The role of pregnancy intention and social support on pregnancy outcome factor [abstract]
University of Missouri-Columbia. Office of Undergraduate Research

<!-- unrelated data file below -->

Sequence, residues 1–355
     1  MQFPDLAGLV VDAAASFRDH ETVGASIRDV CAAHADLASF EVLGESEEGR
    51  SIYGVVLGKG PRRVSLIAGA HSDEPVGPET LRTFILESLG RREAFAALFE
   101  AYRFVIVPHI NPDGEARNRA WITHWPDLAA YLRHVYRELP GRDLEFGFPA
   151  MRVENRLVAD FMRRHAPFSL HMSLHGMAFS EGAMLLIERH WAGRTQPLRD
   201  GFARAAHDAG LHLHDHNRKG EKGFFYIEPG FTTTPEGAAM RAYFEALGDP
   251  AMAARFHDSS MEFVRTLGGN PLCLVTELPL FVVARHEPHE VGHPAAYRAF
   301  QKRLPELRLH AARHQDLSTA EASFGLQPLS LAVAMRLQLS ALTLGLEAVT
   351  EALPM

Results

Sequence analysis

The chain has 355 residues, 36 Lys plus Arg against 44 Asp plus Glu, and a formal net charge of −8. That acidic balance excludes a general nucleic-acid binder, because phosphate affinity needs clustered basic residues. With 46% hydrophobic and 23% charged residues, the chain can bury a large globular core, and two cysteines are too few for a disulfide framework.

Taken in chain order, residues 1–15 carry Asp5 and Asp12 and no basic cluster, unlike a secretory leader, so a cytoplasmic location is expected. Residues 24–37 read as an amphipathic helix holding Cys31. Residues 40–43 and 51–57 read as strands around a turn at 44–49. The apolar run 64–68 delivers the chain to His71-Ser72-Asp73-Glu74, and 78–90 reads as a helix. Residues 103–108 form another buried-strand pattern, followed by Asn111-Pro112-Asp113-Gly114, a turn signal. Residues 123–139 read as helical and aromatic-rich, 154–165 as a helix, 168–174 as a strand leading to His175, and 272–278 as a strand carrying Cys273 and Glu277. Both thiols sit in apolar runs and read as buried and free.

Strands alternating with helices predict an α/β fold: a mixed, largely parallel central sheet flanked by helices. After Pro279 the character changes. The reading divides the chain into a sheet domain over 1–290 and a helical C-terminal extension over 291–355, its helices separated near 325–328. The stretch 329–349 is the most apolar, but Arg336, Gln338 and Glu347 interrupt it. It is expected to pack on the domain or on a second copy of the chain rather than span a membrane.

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A previous study examined the relationship between pregnancy intention and social well-being among low-income pregnant women. Post-partum follow-up of the 72 initial participants was attempted by phone, through mass mailing, and through follow-up survey distribution at the WIC clinic. A 51 percent response rate was achieved. Respondents differed from non-respondents only by health insurance status. We examined the relationship between breastfeeding, smoking during pregnancy, smoking after pregnancy, and low birth weight by whether or not the pregnancy was intended. In addition, we examined the relationship between three measures of social well-being (social support, perceived loneliness, and family relationship problems) by breastfeeding status, smoking status during pregnancy, post-partum smoking status, and low birth weight status. We found no significant relationships among the study variables, which may be due to the small sample size. Further study is recommended to examine these relationships.